Had a quick trip to New York to visit with family and took the opportunity to pop into the new Glasgow Caledonian New York College campus. I took the E train from Forethills all the way to Canal Street and made good time, just under 50 minutes. However , once I got off the subway at Canal Street, I took the wrong turn and ended up in the heart of Soho’s busy street markets. It was a very nice distraction for about 15 minutes before I corrected my direction and made it to Wooster Street. I was greeted with a very warm New York welcome and had a tour around the campus and hooked up some WiFi to update GCU Learn. I talked with some of the support staff who are so passionate about bringing Glasgow Caledonian to life in New York. Back on the subway this time Spring Street to Grand Central as I was attending a meeting in The Yale Club just off Grand Central Station.
Once inside the Yale Club, I was given to a tour of the Library and then some lunch. During lunch I talked about my own journey through education and I was inspired by so many great people whose portraits now hang on the walls. All in all a fantastic trip which has inspired me to continue to embed the ethos of GCU “University for the Common Good” and to share this ethos through my own teaching. #ProfDockers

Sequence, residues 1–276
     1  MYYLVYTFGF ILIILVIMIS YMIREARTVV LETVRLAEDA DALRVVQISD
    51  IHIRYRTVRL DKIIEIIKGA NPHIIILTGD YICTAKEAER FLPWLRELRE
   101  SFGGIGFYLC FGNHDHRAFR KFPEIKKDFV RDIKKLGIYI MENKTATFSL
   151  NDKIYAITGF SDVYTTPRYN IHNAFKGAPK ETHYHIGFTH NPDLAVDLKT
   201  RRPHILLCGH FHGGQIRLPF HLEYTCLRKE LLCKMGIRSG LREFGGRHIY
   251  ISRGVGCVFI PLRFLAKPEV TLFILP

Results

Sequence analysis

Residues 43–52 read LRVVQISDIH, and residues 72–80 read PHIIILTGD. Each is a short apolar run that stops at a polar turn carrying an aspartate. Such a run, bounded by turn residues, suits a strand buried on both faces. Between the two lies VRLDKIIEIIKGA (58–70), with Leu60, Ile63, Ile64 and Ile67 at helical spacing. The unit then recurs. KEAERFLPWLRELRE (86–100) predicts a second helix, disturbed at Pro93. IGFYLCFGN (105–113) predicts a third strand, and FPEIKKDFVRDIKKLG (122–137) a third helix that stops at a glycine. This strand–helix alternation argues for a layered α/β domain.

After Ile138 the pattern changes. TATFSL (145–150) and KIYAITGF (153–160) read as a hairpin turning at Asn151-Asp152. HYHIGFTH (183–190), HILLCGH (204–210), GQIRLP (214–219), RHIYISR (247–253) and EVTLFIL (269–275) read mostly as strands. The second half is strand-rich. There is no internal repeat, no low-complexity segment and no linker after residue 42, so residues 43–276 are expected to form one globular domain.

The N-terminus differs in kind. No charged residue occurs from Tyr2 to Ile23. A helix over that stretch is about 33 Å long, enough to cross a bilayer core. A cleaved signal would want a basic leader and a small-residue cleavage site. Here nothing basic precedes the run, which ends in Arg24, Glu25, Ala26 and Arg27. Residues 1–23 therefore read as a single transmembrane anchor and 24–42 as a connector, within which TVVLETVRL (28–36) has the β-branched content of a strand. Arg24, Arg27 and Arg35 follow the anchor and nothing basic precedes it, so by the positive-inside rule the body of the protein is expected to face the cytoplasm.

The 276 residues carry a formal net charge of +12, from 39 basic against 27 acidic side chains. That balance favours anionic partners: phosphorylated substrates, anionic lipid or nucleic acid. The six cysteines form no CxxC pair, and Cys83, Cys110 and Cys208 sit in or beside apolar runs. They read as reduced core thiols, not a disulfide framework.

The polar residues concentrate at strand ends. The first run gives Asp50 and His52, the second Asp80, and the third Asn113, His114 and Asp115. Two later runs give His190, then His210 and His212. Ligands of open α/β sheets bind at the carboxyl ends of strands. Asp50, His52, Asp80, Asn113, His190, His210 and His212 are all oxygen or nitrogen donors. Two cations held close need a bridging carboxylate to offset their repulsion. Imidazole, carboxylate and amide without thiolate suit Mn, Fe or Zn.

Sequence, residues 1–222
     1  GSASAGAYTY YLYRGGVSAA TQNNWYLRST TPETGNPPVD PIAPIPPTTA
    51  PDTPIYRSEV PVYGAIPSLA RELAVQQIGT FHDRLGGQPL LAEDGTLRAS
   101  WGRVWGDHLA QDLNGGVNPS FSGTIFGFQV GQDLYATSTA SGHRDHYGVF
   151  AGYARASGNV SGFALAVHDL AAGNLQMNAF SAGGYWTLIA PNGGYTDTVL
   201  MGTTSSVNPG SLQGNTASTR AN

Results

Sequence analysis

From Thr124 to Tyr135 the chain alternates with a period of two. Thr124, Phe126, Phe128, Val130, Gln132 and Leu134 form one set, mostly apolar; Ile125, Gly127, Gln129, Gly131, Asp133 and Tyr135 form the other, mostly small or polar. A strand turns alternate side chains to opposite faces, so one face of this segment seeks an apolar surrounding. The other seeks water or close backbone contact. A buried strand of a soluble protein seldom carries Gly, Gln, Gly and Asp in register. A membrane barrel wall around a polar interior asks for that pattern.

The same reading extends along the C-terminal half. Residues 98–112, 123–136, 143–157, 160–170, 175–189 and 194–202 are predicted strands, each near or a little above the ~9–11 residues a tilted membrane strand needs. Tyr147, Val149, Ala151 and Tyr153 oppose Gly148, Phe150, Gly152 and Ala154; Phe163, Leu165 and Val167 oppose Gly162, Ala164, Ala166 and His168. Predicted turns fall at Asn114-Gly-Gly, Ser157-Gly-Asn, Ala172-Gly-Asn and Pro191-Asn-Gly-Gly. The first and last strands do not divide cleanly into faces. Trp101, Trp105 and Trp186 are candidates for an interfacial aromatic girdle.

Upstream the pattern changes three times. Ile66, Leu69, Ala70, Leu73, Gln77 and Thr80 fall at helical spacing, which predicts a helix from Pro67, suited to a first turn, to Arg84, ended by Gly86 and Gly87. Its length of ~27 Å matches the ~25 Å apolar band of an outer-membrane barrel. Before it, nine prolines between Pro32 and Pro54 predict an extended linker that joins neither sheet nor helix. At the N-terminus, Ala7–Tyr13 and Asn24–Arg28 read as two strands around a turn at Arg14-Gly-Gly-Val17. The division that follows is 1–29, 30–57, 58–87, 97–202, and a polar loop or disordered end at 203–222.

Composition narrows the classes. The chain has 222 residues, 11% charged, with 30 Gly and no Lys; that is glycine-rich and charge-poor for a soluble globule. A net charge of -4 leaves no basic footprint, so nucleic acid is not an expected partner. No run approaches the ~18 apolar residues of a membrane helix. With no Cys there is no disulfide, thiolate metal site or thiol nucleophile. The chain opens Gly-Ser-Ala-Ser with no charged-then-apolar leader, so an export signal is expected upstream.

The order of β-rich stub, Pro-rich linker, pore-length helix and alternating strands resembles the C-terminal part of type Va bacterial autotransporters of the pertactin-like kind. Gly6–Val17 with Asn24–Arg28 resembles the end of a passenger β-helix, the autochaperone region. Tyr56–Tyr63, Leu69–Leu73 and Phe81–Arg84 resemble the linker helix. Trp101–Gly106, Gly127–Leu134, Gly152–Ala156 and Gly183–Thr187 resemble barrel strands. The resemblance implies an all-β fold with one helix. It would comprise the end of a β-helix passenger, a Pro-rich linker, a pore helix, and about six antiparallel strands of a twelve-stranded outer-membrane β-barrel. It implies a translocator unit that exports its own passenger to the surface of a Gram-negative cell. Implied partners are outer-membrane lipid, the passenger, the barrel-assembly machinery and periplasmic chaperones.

4 Comments Add yours
Sounds like a lovely trip Eileen.
Great to get an insight into GCNYC.
I love New York. It inspires me, especially New York Public Library.
Sounds like a wonderful journey Eileen! Happy to share with you!
Hi Mary, thank you for your response, within my literature review I had used your quote in my literature review as a conversation quote:
Mary Lavin, Associate Clinical Professor, University of Rhode Island, Lavin (2006) stated psychological resilience as “it’s like being kick to death by a mouse (verbal quote no page number?), but you can’t predict if the horse or the mouse will kick you next.” Nurse practitioners referred to psychological resilience as the difference of being kicked to death by a horse or by a mouse. When kicked by a horse your physical and psychological self will acknowledge it’s been kicked by a horse, albeit you may not live to tell the tale. Conversely being kicked to death by a mouse is less likely to be acknowledged by your physical and psychological self, yet the effects have the potential to create adversity or positive adaptation given dynamic characteristics in the moment of the kick. More recently Ungar (2011) widens the scope of impact from adversity; creating a social ecological approach to resilience, describing resilience as both the physical resources which, support individual well-being and the individual collective ability to negotiate order to be integrated and experienced to make sense of life events.
I do hope your approve 🙂
Hi Eileen thanks for sharing the start of your exciting adventures . Lovely to follow your journey through New york. Ive never been but your blog took me into your adventure and I imagined your journey with you. Look forward to joining you in this experience over the next couple of years whilst you attain your PHD. Good luck …Ann